Sir Lindsay Parkinson & Co v CMRS of His Majesty Works & Public Buildings



Sir Lindsay Parkinson & Co Ltd (‘Parkinson’), as Contractor, entered into a Contract with the Commissioners of HisMajesty’s Works and Public Buildings (‘Commissioners’), as Principal, for the construction of an ordnance factory. Under the contract the  Principal had the absolute power to order alterations or additions to the works, and it was the duty of the Contractor to comply with the Superintendent’s instructions.

The Principal ordered works far in excess of the amount so contemplated (originally $3,500,000 with $500,000 in bill of quantities and the actual cost was $6,683,056), although not different in character, and as a result the work was not completed until a year beyond the anticipated date. The Contractor and Principal in this case entered into a deed of variation (for acceleration of the works) and Principal estimated a cost of $5,000,000.

The Contractor had complained to the Principal that it was being called on to execute more work in excess of that contemplated by the varied contract and claimed extra remuneration for work in excess of that contemplated. The Contractor proceeded with the work at the request of the Principal, leaving the issue to arbitration.


The question for decision was whether there was an entitlement to additional remuneration where the work was nominally at least performed pursuant to the contract but was of such a nature as to render the contract something different from that originally contemplated.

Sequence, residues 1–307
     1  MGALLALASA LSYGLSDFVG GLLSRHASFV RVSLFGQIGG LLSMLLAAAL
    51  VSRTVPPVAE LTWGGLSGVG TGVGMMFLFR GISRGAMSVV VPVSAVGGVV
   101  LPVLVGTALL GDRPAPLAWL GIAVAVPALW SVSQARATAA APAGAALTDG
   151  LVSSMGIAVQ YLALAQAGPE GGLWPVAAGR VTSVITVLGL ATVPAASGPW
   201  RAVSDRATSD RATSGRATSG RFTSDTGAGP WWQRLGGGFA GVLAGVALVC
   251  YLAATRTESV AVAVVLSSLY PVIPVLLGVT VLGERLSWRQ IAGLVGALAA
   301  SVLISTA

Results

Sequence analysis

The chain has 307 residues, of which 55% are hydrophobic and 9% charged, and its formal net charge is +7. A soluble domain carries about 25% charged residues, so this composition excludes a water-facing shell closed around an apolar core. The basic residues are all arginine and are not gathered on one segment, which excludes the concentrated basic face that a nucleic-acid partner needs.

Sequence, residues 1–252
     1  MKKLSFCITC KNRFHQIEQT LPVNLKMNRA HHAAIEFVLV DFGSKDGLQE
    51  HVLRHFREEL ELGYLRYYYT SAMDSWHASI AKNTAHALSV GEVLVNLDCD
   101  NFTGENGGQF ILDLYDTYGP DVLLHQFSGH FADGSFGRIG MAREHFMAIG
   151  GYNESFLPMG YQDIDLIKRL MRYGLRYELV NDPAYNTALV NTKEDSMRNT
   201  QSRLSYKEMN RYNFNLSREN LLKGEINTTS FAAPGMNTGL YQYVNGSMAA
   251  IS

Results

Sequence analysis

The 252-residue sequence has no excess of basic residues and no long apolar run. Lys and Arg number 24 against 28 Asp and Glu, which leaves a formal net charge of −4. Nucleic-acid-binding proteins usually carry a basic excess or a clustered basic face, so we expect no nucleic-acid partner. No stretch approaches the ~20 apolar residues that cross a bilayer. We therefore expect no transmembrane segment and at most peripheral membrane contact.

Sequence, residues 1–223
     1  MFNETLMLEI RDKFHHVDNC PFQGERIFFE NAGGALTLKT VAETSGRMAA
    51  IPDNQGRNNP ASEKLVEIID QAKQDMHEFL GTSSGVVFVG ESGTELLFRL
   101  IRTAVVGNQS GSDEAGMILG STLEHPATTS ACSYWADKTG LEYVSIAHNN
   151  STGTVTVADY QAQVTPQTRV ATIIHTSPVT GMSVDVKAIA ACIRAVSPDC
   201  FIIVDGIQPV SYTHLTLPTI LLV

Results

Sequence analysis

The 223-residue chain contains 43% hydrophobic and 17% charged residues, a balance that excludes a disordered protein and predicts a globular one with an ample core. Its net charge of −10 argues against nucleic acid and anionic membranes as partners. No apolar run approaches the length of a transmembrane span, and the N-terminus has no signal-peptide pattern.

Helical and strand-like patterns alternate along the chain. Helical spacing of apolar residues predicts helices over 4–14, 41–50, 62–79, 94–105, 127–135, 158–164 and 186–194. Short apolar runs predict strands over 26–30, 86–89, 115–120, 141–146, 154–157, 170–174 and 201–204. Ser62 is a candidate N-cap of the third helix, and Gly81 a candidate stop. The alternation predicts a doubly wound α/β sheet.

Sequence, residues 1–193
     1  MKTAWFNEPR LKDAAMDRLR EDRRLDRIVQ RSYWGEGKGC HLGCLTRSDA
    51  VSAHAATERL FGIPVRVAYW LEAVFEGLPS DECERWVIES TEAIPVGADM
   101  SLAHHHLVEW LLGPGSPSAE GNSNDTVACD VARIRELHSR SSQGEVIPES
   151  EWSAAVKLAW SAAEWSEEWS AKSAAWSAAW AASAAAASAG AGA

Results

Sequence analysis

The Court commented that it was absurd to suppose that such a large increase as in fact occurred was within the contemplation of the parties. The Court found that the work actually performed was similar in kind to that required pursuant to the contract.

However, the Court implied a term into the Contract that the Principal should not be entitled to require work materially in excess of the $5,000,000 estimated. That is, the Court construed the Contract in such a way to place an intended monetary limit upon the value of such extra work to be performed. Thus, there was either an implied term limiting the amount of extra work to a fixed value or an ascertained limitation by reference to the proper construction of the contract. Therefore, the Court held that such excess work having been done by the Contractor at the request of the Principal, the Principal is liable to pay the

Contractor’s reasonable remuneration. The Court based its decision upon a construction of the contract and held that the construction must be such as to exclude the extra work performed from its ambit thus leaving the extra work to be recovered pursuant to quantum meruit.


Cohen LJ at page 224 and 225 held:

“The work executed so far exceeded the stipulated work, that is to say, the work comprised in the original estimate of £4 million that it seems to me, to use the language of counsel for the commissioners, fantastic and absurd to suppose that such a large increase as, in fact, occurred was within the contemplation of the parties when the deed of variation was executed. We are, I think, amply justified (a) in reaching the conclusion that the basis of the varied work measured approximately by the said sum of £5 million, and (b) in implying a term that the commissioners should not be entitled under the contract to require work materially in excess of that sum.

It follows that, such excess work having been done by the contractor at the request of the commissioners, the commissioners are liable to pay the contractor reasonable remuneration therefore.”


This case stands for the proposition that where the work is fundamentally different from that contracted for far exceeds the extent contemplated, but the contractor undertakes it as directed, the contractor may be able to assert that he or she is entitled to be paid upon a quantum meruit basis.